Healthy lifestyles and fresh food are an important part of life at Okehampton Primary School and many of the messages the children are learning have a local flavour too. Each of the classes throughout the school has access to a vegetable growing area where they can get a hands-on experience of producing their own fresh herbs and vegetables. The staff at the school are also focussed on showing the children how home grown food can be nutritious, but the raised beds have an extra local feel about them too. Over the last winter a set of timber growing beds were completed by local company, White Wood Management, and installed around the school grounds. Jim White explained that “the timber for these raised beds came from Woodland Trust woods in the Bovey Valley on Dartmoor. The larch is a species of tree that is being gradually removed to allow the natural woodland to thrive – and it produces great timber too. These raised beds should last for many years”.
The timber was milled and built into raised beds at Jim’s workshop and now sits proudly outside the classrooms, bursting with rows of fresh beans, carrots, lettuce and herbs. For many of the children it is their first opportunity to try their hand at a bit of gardening and to taste the freshest of food with the lowest of food miles. Year 4 Kieran has been learning where different foods come from and he has even had the chance to cook lunch in the kitchen. Mrs. Rickwood, the Eco School Coordinator said “by learning about local food the children can make good choices about their diets and protect the environment as well”.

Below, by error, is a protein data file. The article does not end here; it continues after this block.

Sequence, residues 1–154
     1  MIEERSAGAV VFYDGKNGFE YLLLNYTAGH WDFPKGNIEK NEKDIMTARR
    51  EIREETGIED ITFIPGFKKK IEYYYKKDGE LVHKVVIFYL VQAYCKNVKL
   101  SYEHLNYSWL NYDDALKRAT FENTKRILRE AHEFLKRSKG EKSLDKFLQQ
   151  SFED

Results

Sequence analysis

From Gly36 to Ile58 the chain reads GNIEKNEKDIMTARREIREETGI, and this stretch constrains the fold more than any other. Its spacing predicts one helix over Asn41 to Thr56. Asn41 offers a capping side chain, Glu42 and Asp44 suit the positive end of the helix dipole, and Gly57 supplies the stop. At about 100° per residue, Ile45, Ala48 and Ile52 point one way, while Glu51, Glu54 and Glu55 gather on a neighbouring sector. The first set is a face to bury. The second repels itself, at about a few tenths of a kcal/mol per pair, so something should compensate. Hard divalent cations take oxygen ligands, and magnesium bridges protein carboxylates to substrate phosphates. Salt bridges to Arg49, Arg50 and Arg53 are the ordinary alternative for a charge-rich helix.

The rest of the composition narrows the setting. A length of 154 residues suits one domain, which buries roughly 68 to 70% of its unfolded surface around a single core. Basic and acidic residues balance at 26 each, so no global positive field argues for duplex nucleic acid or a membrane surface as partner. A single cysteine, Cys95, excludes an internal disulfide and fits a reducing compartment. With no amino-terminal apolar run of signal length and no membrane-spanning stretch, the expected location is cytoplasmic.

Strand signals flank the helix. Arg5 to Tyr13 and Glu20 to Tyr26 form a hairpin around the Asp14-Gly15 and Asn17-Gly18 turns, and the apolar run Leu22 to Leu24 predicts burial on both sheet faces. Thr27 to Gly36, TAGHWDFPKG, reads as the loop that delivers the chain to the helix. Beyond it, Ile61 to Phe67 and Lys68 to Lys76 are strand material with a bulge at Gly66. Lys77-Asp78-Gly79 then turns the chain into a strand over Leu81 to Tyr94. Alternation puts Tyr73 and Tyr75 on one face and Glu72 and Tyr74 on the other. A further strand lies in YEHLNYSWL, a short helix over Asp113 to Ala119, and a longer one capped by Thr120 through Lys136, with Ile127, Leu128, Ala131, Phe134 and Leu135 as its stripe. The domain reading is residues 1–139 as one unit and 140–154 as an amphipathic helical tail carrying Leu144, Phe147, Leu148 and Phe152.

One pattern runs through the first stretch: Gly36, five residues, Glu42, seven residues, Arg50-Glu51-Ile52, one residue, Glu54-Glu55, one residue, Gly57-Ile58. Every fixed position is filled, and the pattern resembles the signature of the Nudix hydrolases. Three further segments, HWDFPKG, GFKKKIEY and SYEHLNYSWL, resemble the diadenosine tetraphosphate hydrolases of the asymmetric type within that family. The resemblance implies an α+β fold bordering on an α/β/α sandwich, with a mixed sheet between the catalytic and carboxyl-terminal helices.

Other groups are learning about plants and are beginning to identify what is growing at school. Looking in one of the raised beds, they pointed out basil, parsley and other herbs, saying “Mmm! Mint smells minty, and “rocket tastes a bit spicy!”
The children have a great pride in their school and the healthy food messages are clearly part of everyday life. As they pick their school-grown carrots and chat together they show how they understand the value of good fresh food and, in this case, how local timber can contribute to their learning as well – roots and all.
by Matt Parkins